Characterisation of the role of Fas in intestinal inflammation and cancer

Thumbnail Image
Fernandes, Philana
Journal Title
Journal ISSN
Volume Title
University College Cork
Published Version
Research Projects
Organizational Units
Journal Issue
Background: The role of Fas (CD95) and its ligand, Fas ligand (FasL/CD95L), is poorly understood in the intestine. Whilst Fas is best studies in terms of its function in apoptosis, recent studies suggest that Fas ligation may mediate additional, non-apoptotic functions such as inflammation. Toll like Receptors (TLRs) play an important role in mediating inflammation and homeostasis in the intestine. Recent studies have shown that a level of crosstalk exists between the Fas and TLR signalling pathways but this has not yet been investigated in the intestine. Aim: The aim of this study was to evaluate potential cross-talk between TLRs and Fas/FasL system in intestinal cancer cells. Results: Treatment with TLR4 and TLR5 ligands, but not ligands for TLR2 and TLR9 increased the expression of Fas and FasL in intestinal cancer cells in vitro. Consistent with this, expression of Fas and FasL was reduced in the distal colon tissue from germ-free (GF), TLR4 and TLR5 knock-out (KO) mice but was unchanged in TLR2KO tissue, suggesting that intestinal cancer cells display a degree of specificity in their ability to upregulate Fas and FasL expression in response to TLR ligation. Expression of both Fas and FasL was significantly reduced in TRIF KO tissue, indicating that signalling via TRIF by TLR4 and TLR5 agonists may be responsible for the induction of Fas and FasL expression in intestinal cancer cells. In addition, modulating Fas signalling using agonistic anti-Fas augmented TLR4 and TLR5-mediated tumour necrosis factor alpha (TNFα) and interleukin 8 (IL)-8 production by intestinal cancer cells, suggesting crosstalk occurs between these receptors in these cells. Furthermore, suppression of Fas in intestinal cancer cells reduced the ability of the intestinal pathogens, Salmonella typhimurium and Listeria monocytogenes to induce the expression of IL-8, suggesting that Fas signalling may play a role in intestinal host defence against pathogens. Inflammation is known to be important in colon tumourigenesis and Fas signalling on intestinal cancer cells has been shown to result in the production of inflammatory mediators. Fas-mediated signalling may therefore play a role in colon cancer development. Suppression of tumour-derived Fas by 85% led to a reduction in the tumour volume and changes in tumour infiltrating macrophages and neutrophils. TLR4 signalling has been shown to play a role in colon cancer via the recruitment and activation of alternatively activated immune cells. Given the crosstalk seen between Fas and TLR4 signalling in intestinal cancer cells in vitro, suppressing Fas signalling may enhance the efficacy of TLR4 antagonism in vivo. TLR4 antagonism resulted in smaller tumours with fewer infiltrating neutrophils. Whilst Fas downregulation did not significantly augment the ability of TLR4 antagonism to reduce the final tumour volume, Fas suppression may augment the anti-tumour effects of TLR4 antagonism as neutrophil infiltration was further reduced upon combinatorial treatment. Conclusion: Together, this study demonstrates evidence of a new role for Fas in the intestinal immune response and that manipulating Fas signalling has potential anti-tumour benefit.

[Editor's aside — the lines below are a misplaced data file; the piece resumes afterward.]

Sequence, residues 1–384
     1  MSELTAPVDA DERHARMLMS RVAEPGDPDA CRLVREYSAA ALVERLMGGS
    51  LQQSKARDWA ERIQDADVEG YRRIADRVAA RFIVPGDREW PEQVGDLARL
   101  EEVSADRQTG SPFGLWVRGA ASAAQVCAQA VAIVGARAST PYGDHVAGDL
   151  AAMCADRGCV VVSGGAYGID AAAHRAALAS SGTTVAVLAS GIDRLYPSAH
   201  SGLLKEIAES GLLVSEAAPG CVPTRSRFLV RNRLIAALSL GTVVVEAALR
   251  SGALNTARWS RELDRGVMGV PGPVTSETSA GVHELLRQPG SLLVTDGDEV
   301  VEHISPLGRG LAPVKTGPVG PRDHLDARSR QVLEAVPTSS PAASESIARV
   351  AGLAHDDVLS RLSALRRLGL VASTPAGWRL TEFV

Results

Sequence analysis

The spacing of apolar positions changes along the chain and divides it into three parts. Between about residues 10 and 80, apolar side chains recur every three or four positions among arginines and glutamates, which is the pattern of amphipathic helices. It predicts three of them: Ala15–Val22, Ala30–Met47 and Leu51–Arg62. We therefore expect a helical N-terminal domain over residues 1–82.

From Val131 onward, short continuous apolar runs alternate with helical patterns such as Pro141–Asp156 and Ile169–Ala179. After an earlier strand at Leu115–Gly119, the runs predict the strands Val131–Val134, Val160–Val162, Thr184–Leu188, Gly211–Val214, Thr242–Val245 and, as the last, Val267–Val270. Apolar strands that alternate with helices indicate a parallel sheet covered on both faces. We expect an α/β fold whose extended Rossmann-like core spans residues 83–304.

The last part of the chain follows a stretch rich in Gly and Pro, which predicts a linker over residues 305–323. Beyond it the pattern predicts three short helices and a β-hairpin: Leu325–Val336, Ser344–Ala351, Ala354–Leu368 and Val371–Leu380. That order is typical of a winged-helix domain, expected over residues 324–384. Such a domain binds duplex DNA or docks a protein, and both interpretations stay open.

Fas , CD95 , TLR , Inflammation , Cancer , Colon
Fernandes, P. 2015. Characterisation of the role of Fas in intestinal inflammation and cancer. PhD Thesis, University College Cork.